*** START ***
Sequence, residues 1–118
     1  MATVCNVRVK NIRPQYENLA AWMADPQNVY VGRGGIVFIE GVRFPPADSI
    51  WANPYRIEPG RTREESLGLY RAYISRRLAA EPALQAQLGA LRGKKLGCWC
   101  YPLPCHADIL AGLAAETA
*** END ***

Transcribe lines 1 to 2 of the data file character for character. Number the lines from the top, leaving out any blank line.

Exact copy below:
Sequence, residues 1–118
     1  MATVCNVRVK NIRPQYENLA AWMADPQNVY VGRGGIVFIE GVRFPPADSI